Keeping calm when markets crash is easier said than done. It is human nature to be fearful when things look bad and the outlook suddenly becomes bleak. Today, Mr. Market (as Benjamin Graham puts it) is testing the patience and courage of investors once again. The Dow declined more than 1,000 points twice this week, making it difficult for investors to keep a clear head.
American stocks have declined for seven consecutive days, and according to Bloomberg data, February 2020 is on its way to becoming the worst month since December 2018.
Both the Dow and the S&P 500 Index were down over 10.5% as of Thursday, making this week the worst since the days of the financial crisis.
If ever there was a need to reiterate the importance of staying invested in equity markets, it's now. Investors need reassurance that things will return to their normal state soon, but right now, there's panic.
SunTrust Chief Market Strategist Keith Lerner told Bloomberg on Friday:
"Investors are selling stocks first and asking questions later. We are seeing signs of pure liquidation. 'Get me out at any cost' seems to be the prevailing mood. There is little doubt the coronavirus will continue to weigh on the global economy, and the U.S. will not be immune. There is much we do not know. However, it is also premature to suggest the base case for the U.S. economy is recession."
While that might provide some relief to investors in the sense that a renowned market commentator does not believe a recession is in the cards, investors need something more concrete than that to remain bold and go against the grain.
For 120 years, there has been one clear winner
Credit Suisse Research Institute released an important set of market data spanning 120 years, confirming that none of the popular asset classes could match the returns provided by equity markets. The report, prepared in collaboration with professors from London Business School and Cambridge University, revealed the following performance statistics.
Annualized real return between 1900 and 2020
The significant outperformance of equity markets reveals one thing: the risk-reward factor is always at play and as an economy grows, so will the stock markets. The ride is not always smooth, however, and there will be speedbumps along the way.
Trying to time the markets is a costly mistake, as Warren Buffet told CNBC earlier this week:
"There have been seven Republican Presidents after that (since buying his first stock at the age of 11) and seven Democratic Presidents and I have bought stocks under every one of them. I haven't bought stocks every day, there have been a few times I felt stocks were really quite high, but that is very seldom."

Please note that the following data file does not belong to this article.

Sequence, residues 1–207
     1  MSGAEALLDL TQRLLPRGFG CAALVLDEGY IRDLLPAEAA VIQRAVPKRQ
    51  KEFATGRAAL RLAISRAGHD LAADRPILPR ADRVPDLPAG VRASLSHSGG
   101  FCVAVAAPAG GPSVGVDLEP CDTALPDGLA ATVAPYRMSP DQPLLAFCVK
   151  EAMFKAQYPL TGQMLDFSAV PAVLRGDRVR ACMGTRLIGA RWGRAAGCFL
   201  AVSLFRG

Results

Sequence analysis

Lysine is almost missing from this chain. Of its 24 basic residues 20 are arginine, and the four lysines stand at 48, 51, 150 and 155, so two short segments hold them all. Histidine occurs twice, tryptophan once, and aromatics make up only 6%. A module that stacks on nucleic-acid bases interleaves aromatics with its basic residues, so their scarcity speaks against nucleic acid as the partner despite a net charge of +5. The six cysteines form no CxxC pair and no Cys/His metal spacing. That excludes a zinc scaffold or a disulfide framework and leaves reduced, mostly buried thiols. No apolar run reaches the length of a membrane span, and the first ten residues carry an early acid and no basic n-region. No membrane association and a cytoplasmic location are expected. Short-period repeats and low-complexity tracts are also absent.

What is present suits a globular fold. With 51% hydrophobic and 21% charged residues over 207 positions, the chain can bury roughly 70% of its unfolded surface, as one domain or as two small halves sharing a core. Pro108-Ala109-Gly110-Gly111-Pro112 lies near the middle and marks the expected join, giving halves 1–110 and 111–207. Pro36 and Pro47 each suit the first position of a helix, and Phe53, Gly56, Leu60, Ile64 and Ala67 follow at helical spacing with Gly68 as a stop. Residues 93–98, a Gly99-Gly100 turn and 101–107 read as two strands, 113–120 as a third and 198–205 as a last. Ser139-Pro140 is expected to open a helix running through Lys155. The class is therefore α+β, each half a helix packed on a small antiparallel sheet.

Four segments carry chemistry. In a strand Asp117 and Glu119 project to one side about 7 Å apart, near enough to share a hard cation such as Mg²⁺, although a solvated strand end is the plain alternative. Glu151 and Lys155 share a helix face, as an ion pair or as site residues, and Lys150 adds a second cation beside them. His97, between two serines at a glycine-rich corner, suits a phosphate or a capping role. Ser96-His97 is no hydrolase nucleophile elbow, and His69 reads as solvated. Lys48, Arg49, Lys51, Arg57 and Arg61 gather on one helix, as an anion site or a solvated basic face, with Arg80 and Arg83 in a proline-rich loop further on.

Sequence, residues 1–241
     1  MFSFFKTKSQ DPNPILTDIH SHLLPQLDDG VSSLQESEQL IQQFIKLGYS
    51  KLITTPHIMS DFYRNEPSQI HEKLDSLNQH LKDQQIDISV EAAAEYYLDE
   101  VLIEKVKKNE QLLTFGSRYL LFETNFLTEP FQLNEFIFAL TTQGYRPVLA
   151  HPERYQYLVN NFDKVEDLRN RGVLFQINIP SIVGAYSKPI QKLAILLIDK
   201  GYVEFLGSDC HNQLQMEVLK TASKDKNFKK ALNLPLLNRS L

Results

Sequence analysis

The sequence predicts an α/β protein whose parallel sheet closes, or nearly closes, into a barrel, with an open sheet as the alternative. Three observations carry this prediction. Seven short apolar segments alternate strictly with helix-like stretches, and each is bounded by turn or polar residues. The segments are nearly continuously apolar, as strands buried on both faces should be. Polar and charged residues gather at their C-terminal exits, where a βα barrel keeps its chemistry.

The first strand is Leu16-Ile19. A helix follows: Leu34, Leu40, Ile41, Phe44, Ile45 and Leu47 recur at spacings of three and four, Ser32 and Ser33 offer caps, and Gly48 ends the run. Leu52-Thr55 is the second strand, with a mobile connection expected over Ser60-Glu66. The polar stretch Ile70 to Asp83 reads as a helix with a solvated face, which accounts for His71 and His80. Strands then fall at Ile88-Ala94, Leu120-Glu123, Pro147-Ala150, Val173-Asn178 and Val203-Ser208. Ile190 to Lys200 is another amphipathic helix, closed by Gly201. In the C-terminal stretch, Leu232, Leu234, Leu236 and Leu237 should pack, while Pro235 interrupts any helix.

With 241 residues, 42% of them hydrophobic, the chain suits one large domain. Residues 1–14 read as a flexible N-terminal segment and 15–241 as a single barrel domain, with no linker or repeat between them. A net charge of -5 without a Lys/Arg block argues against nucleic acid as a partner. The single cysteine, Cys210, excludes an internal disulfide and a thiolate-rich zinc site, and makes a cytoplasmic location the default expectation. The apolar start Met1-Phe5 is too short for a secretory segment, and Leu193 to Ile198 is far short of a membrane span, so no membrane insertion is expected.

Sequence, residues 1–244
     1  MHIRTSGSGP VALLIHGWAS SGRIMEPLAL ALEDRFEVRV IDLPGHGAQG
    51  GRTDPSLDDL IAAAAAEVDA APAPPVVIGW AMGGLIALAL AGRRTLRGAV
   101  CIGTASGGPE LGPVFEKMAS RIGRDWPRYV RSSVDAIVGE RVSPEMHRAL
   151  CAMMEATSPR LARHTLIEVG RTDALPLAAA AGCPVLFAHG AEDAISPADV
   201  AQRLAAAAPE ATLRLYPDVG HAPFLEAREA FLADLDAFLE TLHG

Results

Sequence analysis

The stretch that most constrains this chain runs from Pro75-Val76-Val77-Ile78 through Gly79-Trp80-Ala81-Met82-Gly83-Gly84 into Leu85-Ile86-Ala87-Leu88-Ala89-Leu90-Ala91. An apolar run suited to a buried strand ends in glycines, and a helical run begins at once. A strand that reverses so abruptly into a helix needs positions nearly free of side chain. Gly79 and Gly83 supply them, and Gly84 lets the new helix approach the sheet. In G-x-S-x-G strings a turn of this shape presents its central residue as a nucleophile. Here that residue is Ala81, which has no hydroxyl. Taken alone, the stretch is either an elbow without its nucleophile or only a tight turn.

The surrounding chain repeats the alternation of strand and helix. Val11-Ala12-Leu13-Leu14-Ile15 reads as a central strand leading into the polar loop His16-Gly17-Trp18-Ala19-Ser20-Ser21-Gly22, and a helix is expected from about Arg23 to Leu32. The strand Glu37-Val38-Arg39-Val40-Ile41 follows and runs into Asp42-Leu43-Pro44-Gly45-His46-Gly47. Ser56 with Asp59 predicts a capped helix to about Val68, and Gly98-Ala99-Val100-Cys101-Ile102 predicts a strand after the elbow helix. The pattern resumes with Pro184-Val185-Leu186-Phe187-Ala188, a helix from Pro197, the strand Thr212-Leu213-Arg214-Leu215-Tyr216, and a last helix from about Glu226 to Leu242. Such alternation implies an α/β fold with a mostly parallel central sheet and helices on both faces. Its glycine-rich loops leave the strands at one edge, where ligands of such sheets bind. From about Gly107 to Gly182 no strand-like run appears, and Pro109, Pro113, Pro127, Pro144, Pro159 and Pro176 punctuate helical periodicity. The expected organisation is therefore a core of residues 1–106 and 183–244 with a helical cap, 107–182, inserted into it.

Further elaborating on his investment career, the guru said that he has bought stocks each year since making his first investment at a very young age. This highlights one important action that could deliver long-term success to investors; buy stocks when they are seemingly cheap, regardless of the macroeconomic or geopolitical outlook for America in the coming years. The country has survived many recessions, epidemics, property market bubbles and two World Wars. None of this could materially impact the long-term performance of stocks, however. Right when it looked as if things would never recover, American markets surprised investors.
Changes in investor sentiment could result in significant volatility in stock prices. However, none of this would likely matter in the long term as much as staying invested does. Numbers don't lie, at least not as much as sentiment and gut feelings do.
One more reason to stay calm
Even though many investors might not be aware of this, missing just a few market days could completely erode the profitability of a portfolio. As surprising as this might sound, empirical evidence proves it. In 2019, JPMorgan Asset Management conducted a market performance review to evaluate this phenomena, using data from Jan. 1, 1999 to Dec. 31, 2018.
Liquidating a portfolio and waiting for a better time to get in is a common strategy used by fearful investors. However, if such an investor failed to time the markets, which is almost a certainty, and missed just 20 days that ironically happened to be the best days of the market, he would have ended up losing money even though the market performance was positive in this period. What is even more interesting is that investors can never know with any degree of certainty when a bear market will turn bullish.
There's only one way to avoid making this mistake: to remain invested even when markets are crashing. Even though the rational decision might seem to be turning stocks to cash and parking in an interest-bearing account, the numbers prove this is a costly mistake. If, however, an investor had a mechanism to predict the best 10, 20 and 30 days of the market in advance, it would be best to liquidate and wait for such sunny times. But not even institutional investors have been able to decipher such a way to do this, even with the massive advance in quantitative analysis techniques.
Takeaway: Be patient
There's enough data to suggest that trusting U.S. markets even when they are crashing is the right decision. The best way to do this during trying times is to avoid constantly checking stock prices and the value of an investment portfolio as the mostly red numbers might prompt investors to act irrationally. Staying calm and patient is the key, and the market will do its magic as time passes by.
It seems appropriate to end this analysis with something Buffett told CNBC in 2016.
"If you had a chance to buy into a good company in your hometown...and you knew it was a good company and knew good people were running it, and you bought in at a fair price, you wouldn't want to get a quote every day."
Disclosure: I do not own any stocks mentioned in this article.
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This article first appeared on GuruFocus.